– history of an employee’s     • Journalism:
     work problems                   – news stories are forms of
      • Both by the employee           narrative
        and the employer

           Elements of Narration
•   Six elements together produce strong narration:
     1.   purpose
     2.   action
     3.   conflict
     4.   point of view
     5.   key events
     6.   dialogue

                  1. Purpose
• can be stated or unstated but always shapes the writing
• may
   – tell what happened
   – establish a useful fact
   – delve into motives
   – offer lessons or insights
Not all “stories” have a moral or teach a lesson.

                    2. Action
• plays a central role in narrative by presenting, not just
  suggesting, something that happens
   – suggested (or reported):
       • “Time seemed forever against me.” (Said, 38)
   – represented directly:
       • “ They went to Michigan Militia meetings. They
         blew up ‘things’ in the backyard.” (Moore, 84)

                      Action, cont.
• Think visually (cinematically) when writing a
   – “…a passage on the piano might cause a sudden
     transformation of her face, a dramatic elevation in her tone, a
     breathtakingly wide opening of arms, as she took me in with
     ‘Bravo, Edward’…” (Said, 38)
   – “With a small spoon tap-tap in a circle and then pry open the
     lid of the shell.” (Nabokov, 38)
• Many experiences are “action:” e.g., thinking,
  feeling, deciding
   – “They also serve who only stand and wait.” (John Milton, “On
     His Blindness,” 1652)

                      3. Conflict
•   Real, imagined, anticipated conflicts shape our lives; see
    Gk. agon - meaning “contest”
•   Some varieties of conflict:
    1. between an individual and outside circumstances:
       Nabokov’s eggs & egg-cooker
    2. between 2 group members: Said & mother
    3. between__________________________
    4. between__________________________
    5. within____________________________

           4. Point of View - types
1.   First person: one of the participants tells what happened.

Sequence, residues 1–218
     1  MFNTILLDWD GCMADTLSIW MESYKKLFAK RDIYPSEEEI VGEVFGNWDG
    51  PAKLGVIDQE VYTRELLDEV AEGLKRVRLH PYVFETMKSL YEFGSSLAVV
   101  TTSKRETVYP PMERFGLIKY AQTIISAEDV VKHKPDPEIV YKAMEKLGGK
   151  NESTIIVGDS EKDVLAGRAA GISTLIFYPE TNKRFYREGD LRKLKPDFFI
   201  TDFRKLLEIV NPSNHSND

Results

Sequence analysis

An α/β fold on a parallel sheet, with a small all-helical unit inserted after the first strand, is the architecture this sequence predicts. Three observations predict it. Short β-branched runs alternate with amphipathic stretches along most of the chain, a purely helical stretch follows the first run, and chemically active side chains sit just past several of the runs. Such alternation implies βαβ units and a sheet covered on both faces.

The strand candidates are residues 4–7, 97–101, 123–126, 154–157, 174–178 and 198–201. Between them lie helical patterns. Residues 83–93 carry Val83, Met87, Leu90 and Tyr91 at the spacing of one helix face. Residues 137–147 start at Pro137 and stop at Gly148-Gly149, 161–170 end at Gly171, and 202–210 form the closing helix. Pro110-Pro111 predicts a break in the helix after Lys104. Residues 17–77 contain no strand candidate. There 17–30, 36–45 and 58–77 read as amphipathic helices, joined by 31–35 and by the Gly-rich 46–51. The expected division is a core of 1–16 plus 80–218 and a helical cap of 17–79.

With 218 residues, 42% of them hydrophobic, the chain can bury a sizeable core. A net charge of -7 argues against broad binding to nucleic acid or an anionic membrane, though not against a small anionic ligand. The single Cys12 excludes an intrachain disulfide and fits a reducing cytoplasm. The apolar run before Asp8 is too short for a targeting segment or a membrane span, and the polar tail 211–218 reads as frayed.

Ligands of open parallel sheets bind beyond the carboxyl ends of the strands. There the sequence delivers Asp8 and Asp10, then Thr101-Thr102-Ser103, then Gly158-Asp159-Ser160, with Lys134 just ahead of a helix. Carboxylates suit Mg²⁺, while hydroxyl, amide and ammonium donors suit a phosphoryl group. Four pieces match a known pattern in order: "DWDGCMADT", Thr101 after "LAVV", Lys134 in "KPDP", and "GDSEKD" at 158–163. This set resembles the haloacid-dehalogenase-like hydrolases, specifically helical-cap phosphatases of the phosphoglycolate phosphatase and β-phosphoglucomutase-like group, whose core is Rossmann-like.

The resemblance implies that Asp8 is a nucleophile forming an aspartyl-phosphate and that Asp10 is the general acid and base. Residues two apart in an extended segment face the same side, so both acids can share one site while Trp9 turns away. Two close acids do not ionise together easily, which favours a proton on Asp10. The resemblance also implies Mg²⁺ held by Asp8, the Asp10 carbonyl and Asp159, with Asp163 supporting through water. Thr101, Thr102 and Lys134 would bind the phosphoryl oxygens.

– uses I, me, mine, we, ours
     – limited to what that person knows; narrator
       can be unreliable because of incomplete
2.   Second-person: less often used
     – you is used or understood
     – imperative & directive; or conversational
3.   Third-person: distanced “narrator” recalls.
     – uses he, she, it, they
     – narrator can be omniscient, intrusive, or                  18
                   5. Key Events
• Strong narratives are built around key events
  bearing directly on its purpose. E.g.
   – Pekar’s paralleling the progress of his thoughts and physical
     progress towards the bakery, where a resolution occurs on
     both levels (“quandry” resolved, AND loaf of bread obtained)
   – Said’s discussion of his mother’s death as a key event, which
     helps to remind him of both his childhood and his own
   – consider “narratives” of election candidates

                       6. Dialogue
• Conversation animates narrative:
   – indirect/reported - narrator strongly controls presentation
     and mood; reader is distanced from the scene
       • “..called me up to tell me how busy she was.” (Ehre., 9)
   – direct - generally (but not always) more vivid; also leaves
     more scope for reader interpretation:
       • narrator in strong control: “… the days when ‘Let’s have lunch’
         meant something other than ‘I’ve got more important things to
         do than to talk to you now’…” (E,9)
       • integrated into narrative: “’Help me to sleep, Edward’…” (Said,
         39, in which he’s both character and narrator)

     For the narration readings (Ignatieff, Fraser,
       Mukherjee), consider these questions:

1. What is the author's purpose?
2. Where & how does the author use specific descriptive and
   narrative techniques?
3. Narration often produces a personal, "gut" reader response.
   Critically analyze your own response to these essays:
   1. What exactly was your response?
   2. What factors (e.g.: your experiences, knowledge, the
      author's story, descriptive & narrative techniques)
      might have combined to produce your response?
   3. How did you transcend your "gut reaction" to gain a
      more objective reading of the text?                21